What happens if I want to invest in property?

Britain’s property market has always been regarded as a sound and sensible place to invest your money, regardless of whether you are an aspiring landlord or just looking to purchase a home to sell-on in a few years’ time.

However, depending on your intentions and personal situation, there are a number of things to consider in order to get the most out of property investment.

Important changes to SDLT

Following important Stamp Duty Land Tax (SDLT) changes rolled out in recent years, any existing homeowners who purchase a second or ‘additional’ property – i.e. for buy-to-let purposes – will need to pay an additional three per cent SDLT surcharge upon purchase.

It is important to ensure you can cover these costs, yet continue to make a profit when you come to let out the property. It is equally important to factor in other typical purchase costs such as conveyancing and surveyors’ fees. An average investor purchasing a £150,000 property will effectively lose £5,000 in SDLT. On top of this, legal fees can cost anywhere between £850 and £1,500.

The ‘phasing out’ of mortgage interest tax relief

Both existing and aspiring landlords also need to be aware of ongoing changes to mortgage interest tax relief.

First introduced in April 2017, these gradual changes will see the tax relief landlords are entitled to claim for finance costs slowly restricted to the basic rate of income tax between now and 2020.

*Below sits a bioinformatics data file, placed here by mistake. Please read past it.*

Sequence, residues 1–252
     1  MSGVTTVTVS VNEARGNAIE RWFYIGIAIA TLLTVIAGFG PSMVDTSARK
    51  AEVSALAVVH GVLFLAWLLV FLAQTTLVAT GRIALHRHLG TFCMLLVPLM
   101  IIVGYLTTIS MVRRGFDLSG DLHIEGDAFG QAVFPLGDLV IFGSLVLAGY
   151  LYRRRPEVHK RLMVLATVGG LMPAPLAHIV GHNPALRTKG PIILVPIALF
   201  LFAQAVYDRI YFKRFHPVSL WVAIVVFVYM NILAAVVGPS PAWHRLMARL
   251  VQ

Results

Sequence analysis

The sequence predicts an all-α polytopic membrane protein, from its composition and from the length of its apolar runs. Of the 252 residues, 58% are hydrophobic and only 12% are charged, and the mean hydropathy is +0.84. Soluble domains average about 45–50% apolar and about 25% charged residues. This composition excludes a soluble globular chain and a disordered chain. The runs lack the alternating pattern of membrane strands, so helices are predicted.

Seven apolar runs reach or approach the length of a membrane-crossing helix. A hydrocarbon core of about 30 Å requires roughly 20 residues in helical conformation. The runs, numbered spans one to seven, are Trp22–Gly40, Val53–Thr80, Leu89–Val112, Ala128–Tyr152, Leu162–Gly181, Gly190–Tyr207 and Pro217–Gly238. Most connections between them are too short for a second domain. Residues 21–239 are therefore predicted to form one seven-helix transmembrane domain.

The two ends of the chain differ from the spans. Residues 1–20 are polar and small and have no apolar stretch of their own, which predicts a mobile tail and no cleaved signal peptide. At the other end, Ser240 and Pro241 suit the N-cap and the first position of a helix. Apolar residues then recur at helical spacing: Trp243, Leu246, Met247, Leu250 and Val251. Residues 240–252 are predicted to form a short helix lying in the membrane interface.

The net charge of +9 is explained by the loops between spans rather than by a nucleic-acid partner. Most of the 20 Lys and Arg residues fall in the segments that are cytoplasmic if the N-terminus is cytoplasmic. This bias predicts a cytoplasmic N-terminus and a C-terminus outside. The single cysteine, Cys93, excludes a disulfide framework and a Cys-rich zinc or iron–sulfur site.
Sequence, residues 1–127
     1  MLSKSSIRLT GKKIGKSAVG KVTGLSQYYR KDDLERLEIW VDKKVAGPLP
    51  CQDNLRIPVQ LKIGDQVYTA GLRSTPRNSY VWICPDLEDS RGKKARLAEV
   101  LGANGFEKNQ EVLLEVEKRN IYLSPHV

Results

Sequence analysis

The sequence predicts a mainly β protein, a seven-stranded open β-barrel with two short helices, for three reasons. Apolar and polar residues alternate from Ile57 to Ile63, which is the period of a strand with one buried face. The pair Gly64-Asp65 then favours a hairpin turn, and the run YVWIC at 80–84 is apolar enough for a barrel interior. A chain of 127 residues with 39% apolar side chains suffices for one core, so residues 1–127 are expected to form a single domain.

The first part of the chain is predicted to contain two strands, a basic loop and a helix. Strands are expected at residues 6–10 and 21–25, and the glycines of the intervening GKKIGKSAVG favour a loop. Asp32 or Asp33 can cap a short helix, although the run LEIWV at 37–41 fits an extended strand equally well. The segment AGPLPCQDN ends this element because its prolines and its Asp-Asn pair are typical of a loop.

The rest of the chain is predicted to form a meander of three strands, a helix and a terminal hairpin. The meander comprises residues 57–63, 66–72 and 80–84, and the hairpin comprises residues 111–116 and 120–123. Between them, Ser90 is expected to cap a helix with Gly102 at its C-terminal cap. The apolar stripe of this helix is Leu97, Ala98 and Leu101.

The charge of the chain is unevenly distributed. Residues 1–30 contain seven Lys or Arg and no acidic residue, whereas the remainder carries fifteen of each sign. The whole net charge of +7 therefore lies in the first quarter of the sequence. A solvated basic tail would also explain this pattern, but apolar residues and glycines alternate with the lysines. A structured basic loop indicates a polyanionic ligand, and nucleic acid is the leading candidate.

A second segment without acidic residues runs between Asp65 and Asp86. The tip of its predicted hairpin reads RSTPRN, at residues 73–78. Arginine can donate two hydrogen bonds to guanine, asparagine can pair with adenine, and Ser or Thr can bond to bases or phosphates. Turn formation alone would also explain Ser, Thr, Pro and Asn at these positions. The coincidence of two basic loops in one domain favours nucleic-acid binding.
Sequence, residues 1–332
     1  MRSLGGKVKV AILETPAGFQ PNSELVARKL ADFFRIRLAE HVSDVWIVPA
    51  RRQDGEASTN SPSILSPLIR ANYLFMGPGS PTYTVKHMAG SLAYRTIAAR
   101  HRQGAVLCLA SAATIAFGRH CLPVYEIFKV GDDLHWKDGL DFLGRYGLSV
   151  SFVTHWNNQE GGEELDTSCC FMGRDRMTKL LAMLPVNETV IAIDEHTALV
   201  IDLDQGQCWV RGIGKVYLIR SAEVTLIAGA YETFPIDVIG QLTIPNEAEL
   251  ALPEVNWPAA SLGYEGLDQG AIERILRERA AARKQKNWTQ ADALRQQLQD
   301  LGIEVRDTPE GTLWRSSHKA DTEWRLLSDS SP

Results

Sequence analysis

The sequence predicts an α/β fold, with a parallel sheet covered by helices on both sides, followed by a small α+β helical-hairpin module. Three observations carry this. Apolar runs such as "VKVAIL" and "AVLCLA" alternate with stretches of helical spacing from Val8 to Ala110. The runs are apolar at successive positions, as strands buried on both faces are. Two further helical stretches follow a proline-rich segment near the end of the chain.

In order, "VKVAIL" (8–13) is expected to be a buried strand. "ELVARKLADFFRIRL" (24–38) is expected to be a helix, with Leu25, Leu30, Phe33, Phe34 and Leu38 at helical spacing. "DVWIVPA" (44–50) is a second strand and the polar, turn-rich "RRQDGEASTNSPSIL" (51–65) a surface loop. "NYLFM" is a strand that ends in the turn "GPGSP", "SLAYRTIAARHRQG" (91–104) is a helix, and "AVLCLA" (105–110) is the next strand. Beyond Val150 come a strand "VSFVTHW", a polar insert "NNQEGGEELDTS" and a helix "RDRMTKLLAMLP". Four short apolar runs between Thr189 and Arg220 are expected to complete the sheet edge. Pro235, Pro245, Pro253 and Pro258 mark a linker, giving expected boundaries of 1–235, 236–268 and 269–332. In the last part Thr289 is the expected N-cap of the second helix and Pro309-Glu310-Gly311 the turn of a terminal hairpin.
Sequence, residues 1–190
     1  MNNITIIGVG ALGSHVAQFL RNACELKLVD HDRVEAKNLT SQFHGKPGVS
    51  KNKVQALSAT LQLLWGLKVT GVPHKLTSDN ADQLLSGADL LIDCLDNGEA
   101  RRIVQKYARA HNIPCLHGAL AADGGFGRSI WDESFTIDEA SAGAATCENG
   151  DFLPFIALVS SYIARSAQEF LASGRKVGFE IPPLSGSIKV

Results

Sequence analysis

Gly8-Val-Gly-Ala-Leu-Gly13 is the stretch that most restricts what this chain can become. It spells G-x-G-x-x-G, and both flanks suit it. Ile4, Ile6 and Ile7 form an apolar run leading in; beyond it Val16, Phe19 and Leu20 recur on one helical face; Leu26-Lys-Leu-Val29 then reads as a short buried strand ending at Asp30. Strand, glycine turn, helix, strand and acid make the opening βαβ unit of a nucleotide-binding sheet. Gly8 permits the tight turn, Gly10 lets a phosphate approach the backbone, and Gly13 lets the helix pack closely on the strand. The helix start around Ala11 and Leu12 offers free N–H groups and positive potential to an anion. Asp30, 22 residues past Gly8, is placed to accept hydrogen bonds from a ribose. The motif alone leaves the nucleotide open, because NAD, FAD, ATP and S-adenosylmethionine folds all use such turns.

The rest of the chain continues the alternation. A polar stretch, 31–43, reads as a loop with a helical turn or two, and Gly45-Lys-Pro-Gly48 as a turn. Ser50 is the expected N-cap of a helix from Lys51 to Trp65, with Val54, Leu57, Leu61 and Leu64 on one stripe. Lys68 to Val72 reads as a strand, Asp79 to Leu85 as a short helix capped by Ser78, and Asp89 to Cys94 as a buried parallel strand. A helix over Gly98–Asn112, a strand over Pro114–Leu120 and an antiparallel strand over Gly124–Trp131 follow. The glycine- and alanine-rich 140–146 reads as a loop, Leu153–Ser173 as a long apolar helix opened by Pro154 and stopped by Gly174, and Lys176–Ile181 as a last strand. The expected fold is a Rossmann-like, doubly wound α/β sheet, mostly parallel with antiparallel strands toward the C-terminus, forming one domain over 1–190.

Previously, landlords were able to deduct mortgage interest with their other allowable costs from their total taxable rental income – but this is unfortunately no longer the case.

Mortgage ‘stress test’ changes

Changes to mortgage stress tests introduced by the Prudential Regulation Authority also need to be considered – particularly if you are an existing investor who already manages a large portfolio of buy-to-let homes.

Following new rules, mortgage lenders must carefully assess the affordability of landlords before they are able to offer them a mortgage.

These changes mean that portfolio landlords need to provide extensive tax and financial information to lenders in order to meet the requirements of so-called ‘stress tests’.

Capital Gains Tax

Finally, if you purchase a property with a view to disposing of it at a later date once it has appreciated in value, or if you are interested in selling off an existing buy-to-let property, it is important to be aware of Capital Gains Tax (CGT) – a tax charged on the disposal of appreciating assets. As always, planning ahead is key in order to ensure a tax-efficient disposal.

Investing in property via a company structure

In recent years, an increasing number of landlords have begun investing in property via a company structure, which can potentially have great tax benefits depending on your unique situation. However, it is important to seek specialist advice, as you will need to think very carefully about:

  • SDLT
  • CGT
  • Annual Tax on Enveloped Dwellings (ATED)
  • And much more.

Need assistance?

Despite the various tax challenges and purchase options, today’s buy-to-let landlords face, property investment remains incredibly popular in the UK and can still be very lucrative if the right advice is sought ahead of time.

For tax advice tailored to suit your unique circumstances, get in touch with our expert team today.